Geosynthetics are a relatively new discovery for young engineer Preanca Appanna. Here, in our regular series talking to the next generation of engineers, Preanca shares how she got involved in the industry and her future ambitions.
Hi Preanca! Please tell us a bit about yourself.
Hello! My name is Preanca Appanna, I’m 28 and currently in the process of immigrating from Johannesburg, South Africa, to London, UK. I graduated in 2016 with a BSc Engineering (Civil) from the University of Kwa-Zulu Natal and I am currently employed as a civil engineer with Knight Piésold in the mine residue department.
Tell us a bit about your journey to where you are now.
I have always been interested in the built environment and knew, from early on in my schooling career, that I wanted to develop in a dynamic and challenging field. I was first introduced to civil engineering through the South African Institute of Civil Engineering’s Bridge Building Competition which led me to pursue my undergraduate qualification.
My career started in the water sector, specifically bulk water pipelines, however after two years I decided to make the switch to mine residue and have not looked back. I discovered a passion for tailings dams and all the challenges that come with them.
Tell us about your interest in geosynthetics.
My interest in geosynthetics is a recent discovery! I was assigned as assistant resident engineer on a tailings storage facility. My main responsibility was the quality assurance of the barrier system, which included both a geomembrane and geotextile. During my time on site I was able to appreciate the intricacies of working with geosynthetics and this piqued my curiosity in the field. I have so much more to learn about geosynthetics, but I am eager to get started.
What was your experience in the first three to six months in your job? Was it what you expected?
The first six months in the civil engineering industry was not what I expected – it was better. I was fortunate to be surrounded by senior engineers who took the time to mentor and guide me during the early stages of my career. I went in prepared to learn and soak up as much knowledge as possible, and this is what I did, and continue to do.
My first six months in the geosynthetics industry was similarly challenging. I definitely underestimated the intricacies of geosynthetic production, quality controls and quality assurance. My initial period involved a lot of self-teaching and research.
What do your day-to-day tasks involve?
As a site representative working on an HDPE geomembrane barrier system, my daily routine involves site diaries, quality assurance of trial welds, destructive and non-destructive tests, repairs, and overall integrity of the barrier system. A large part of my responsibility is to ensure accurate record-keeping is in place. I supervise both the main civil contractor and the sub-contractors.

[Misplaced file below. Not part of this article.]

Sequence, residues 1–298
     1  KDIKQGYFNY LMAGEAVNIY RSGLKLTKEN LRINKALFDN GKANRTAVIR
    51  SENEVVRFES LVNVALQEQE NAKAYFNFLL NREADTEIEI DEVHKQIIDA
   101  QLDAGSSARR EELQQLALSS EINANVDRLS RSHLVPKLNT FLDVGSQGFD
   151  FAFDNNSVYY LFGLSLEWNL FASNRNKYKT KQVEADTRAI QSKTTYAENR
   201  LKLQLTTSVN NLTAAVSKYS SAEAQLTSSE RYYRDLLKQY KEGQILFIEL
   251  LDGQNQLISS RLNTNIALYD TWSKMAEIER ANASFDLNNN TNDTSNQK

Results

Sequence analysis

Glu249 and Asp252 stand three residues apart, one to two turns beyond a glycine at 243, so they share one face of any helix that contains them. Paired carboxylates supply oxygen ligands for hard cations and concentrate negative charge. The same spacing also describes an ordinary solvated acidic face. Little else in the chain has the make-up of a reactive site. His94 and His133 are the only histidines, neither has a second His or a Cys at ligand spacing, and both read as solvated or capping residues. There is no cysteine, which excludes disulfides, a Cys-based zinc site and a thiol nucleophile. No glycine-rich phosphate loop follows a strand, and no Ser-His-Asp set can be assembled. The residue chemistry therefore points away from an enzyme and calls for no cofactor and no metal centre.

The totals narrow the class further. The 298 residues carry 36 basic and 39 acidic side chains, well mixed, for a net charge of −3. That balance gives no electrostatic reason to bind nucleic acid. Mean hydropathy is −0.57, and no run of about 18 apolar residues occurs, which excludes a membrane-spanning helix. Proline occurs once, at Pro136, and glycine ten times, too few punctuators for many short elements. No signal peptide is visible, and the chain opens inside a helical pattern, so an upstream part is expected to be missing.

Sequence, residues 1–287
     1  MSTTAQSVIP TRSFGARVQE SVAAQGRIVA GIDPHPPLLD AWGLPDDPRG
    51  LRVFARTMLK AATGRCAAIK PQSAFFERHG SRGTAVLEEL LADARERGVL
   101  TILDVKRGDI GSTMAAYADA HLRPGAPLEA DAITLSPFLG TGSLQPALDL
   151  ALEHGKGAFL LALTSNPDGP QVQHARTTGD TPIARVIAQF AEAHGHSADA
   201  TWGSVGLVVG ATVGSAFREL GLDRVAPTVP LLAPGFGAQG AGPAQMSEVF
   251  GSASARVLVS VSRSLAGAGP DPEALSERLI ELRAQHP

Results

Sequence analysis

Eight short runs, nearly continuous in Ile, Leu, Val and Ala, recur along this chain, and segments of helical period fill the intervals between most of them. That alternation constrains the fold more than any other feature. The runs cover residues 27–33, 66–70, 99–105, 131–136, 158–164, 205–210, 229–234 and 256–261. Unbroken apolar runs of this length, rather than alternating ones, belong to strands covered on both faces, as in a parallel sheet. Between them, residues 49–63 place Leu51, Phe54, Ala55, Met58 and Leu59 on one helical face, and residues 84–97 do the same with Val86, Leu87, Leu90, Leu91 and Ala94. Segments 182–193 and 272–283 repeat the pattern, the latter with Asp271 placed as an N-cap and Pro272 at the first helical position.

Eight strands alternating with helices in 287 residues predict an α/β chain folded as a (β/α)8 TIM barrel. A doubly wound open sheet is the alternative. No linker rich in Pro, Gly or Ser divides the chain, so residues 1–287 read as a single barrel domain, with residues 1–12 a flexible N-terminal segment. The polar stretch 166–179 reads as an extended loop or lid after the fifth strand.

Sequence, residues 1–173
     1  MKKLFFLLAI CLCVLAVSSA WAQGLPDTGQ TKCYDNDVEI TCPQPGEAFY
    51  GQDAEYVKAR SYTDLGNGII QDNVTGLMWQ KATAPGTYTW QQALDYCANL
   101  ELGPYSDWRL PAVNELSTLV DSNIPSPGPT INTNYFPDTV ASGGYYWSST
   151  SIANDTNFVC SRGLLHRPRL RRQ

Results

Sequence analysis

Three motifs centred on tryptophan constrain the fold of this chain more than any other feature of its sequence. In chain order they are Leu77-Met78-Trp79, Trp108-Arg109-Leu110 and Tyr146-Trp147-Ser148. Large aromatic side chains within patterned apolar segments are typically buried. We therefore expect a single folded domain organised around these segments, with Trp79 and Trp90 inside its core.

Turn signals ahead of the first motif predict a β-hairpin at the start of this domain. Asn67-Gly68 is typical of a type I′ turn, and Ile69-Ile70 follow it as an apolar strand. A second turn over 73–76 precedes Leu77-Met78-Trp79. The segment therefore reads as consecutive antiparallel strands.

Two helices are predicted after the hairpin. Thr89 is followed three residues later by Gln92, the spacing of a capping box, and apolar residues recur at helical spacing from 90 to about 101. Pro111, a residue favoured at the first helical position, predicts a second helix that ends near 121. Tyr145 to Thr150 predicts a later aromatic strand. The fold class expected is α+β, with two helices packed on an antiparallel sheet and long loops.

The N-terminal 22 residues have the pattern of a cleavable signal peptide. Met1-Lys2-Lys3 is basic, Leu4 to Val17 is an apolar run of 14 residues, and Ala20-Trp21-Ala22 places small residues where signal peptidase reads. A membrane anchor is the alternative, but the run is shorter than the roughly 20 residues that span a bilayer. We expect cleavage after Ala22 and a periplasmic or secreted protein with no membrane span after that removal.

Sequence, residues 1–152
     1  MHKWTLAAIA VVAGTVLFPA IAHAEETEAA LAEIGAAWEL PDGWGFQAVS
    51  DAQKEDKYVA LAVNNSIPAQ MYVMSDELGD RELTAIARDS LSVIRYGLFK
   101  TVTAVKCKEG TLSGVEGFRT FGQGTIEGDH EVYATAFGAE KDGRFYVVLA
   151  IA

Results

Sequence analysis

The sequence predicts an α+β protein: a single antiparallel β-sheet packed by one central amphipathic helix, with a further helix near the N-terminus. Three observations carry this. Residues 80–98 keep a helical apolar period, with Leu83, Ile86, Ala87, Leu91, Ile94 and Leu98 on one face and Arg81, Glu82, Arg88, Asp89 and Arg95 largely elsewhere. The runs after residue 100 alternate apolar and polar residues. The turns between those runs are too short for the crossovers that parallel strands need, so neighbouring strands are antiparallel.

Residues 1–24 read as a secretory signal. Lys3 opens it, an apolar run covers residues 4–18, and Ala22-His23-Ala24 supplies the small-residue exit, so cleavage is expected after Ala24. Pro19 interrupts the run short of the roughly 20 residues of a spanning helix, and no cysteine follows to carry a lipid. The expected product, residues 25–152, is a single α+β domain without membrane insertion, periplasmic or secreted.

What are you looking forward to most in your career?
I am about to join our UK office and I am looking forward to the exposure this move will provide me. I am really excited to work on projects in climates vastly different to those I have previously been exposed to.
What are your long-term ambitions and goals?
I think my greatest ambition is to be able to obtain enough knowledge and experience so that I can design any type of mine residue facility safely and efficiently. I would like my knowledge to stretch across all sectors of the built environment.
Do you have any advice or top tips for those considering becoming an engineer or applying for their first job?
Commencing a career as an engineer can be overwhelming, there is so much to learn, and the industry is constantly evolving. Remind yourself of the reason you started this journey. I have learned that attitude is everything. We will never have all the answers to every question but maintaining a willingness to adapt and learn will never let you down. Also, have fun!
Did you do work experience or an internship, and would you recommend this?
Yes! I would definitely recommend taking on an internship or work experience if the opportunity presents. I was fortunate enough to work at Knight Piésold during most of my undergraduate vacations. I found that the gradual introduction into the industry was far more beneficial to me than being thrown headfirst into the unknown. I also identified a few of my mentors during this period, which has been invaluable in my career.
What do you wish you knew before starting your first engineering job?
I started off my first engineering job averse to acknowledging when I didn’t know something. I wish I knew then that that is expected as a graduate and does not mean I would become a bad engineer. Asking questions saves everyone time and money. Also, keep those undergrad textbooks on hand, they become your lifeline.
Anything else you would like to add?
I would like to thank the IGS and Edoardo Zannoni for giving me the opportunity to participate in this interview. Good luck to all those starting off their careers in engineering!
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